How to Use eBird
First, decide if your land qualifies as a Hotspot.
Hotspots are public birding locations created by eBird users. A “Hotspot” does not necessarily mean the area is an outstanding location for birds or birding, Hotspots in eBird are simply a set of public locations visited by multiple people over time. In contrast to a private location, such as your backyard, Hotspots are publicly accessible lands like parks and wildlife refuges, as well as many land trust properties. The two main benefits of creating your own Hotspots are generating more interest in, and visitors to, your lands and gathering useful bird data in one place as these visitors create bird lists for you!
All Hotspots have summaries that can be accessed from eBird’s Hotspot Explorer (instructions) tool. To find out if a property your land trust holds or manages is already an eBird Hotspot, you can use the tool to zoom into your property on an interactive map or download the full Hotspot list for your state here. If it is, there’s already information about your land and the birds found there available to you! Learn how to view summaries, download data or explore your data further
If your land is not listed as a Hotspot, you can easily create your own eBird Hotspot in one of two ways:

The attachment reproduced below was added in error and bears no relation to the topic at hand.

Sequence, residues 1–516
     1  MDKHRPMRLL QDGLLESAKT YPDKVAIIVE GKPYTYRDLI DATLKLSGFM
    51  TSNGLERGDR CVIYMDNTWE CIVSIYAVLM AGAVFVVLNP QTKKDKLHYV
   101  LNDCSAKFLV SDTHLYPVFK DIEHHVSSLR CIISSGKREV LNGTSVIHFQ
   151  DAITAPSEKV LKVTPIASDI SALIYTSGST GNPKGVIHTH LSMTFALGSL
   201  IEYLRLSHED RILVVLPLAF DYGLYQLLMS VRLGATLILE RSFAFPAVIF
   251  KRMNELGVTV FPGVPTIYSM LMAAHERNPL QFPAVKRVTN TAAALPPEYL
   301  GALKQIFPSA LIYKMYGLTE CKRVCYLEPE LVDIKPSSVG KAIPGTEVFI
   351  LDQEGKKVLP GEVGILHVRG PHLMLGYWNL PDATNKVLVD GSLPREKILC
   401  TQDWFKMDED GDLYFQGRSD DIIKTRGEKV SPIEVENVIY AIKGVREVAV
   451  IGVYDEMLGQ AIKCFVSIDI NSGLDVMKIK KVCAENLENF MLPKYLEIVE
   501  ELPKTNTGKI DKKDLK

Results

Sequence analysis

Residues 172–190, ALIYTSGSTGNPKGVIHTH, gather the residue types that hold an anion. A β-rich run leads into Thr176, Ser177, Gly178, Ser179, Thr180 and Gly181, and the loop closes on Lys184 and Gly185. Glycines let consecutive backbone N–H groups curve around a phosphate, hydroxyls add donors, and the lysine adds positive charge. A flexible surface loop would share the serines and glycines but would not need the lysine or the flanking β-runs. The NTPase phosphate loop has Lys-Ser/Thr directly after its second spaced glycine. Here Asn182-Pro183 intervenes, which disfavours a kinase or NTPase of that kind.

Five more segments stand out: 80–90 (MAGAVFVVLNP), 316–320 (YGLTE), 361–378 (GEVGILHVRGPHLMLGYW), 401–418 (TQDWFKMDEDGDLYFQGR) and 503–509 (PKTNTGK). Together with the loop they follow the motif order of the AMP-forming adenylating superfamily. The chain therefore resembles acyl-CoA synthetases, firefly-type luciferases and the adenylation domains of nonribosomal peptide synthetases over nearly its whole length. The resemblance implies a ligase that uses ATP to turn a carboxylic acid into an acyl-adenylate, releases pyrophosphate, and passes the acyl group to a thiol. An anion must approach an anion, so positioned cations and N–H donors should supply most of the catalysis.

- You can submit a bird sighting or complete a checklist from the property. When you first plot the location on a map, you will have the option to “Suggest as a Birding Hotspot?” You are not required to complete a checklist submission to recommend the Hotspot, but it is recommended.
- You can access sites from which you have submitted data at the Manage My Locations page; select the site and at the top and use the drop-down menu to “Suggest as Hotspot.”
A volunteer Hotspot Editor will review all requests for accuracy, and then they should appear in the Hotspot Explorer.
When naming hotspots on your properties, it is helpful to follow the guidelines for naming conventions here.
For example, The Trustees of Reservations is a land trust in Massachusetts. All their eBird Hotspot properties are designated with “TTOR” after the name. This naming scheme publicizes that land is protected in Massachusetts, helps birders to appreciate the significant role this group has played in conserving the land, and allows the site information to be more easily assimilated. See example land trust hotspots here.
There is also the possibility of exploring information at other scales aside from Hotspots. Data are summarized at the regional level as well, and for finer scale data access try the download data tool.
These tutorials will help you use eBird further for entering information about your lands:
If you have a large historical data set and need guidance on how to upload, contact email@example.com.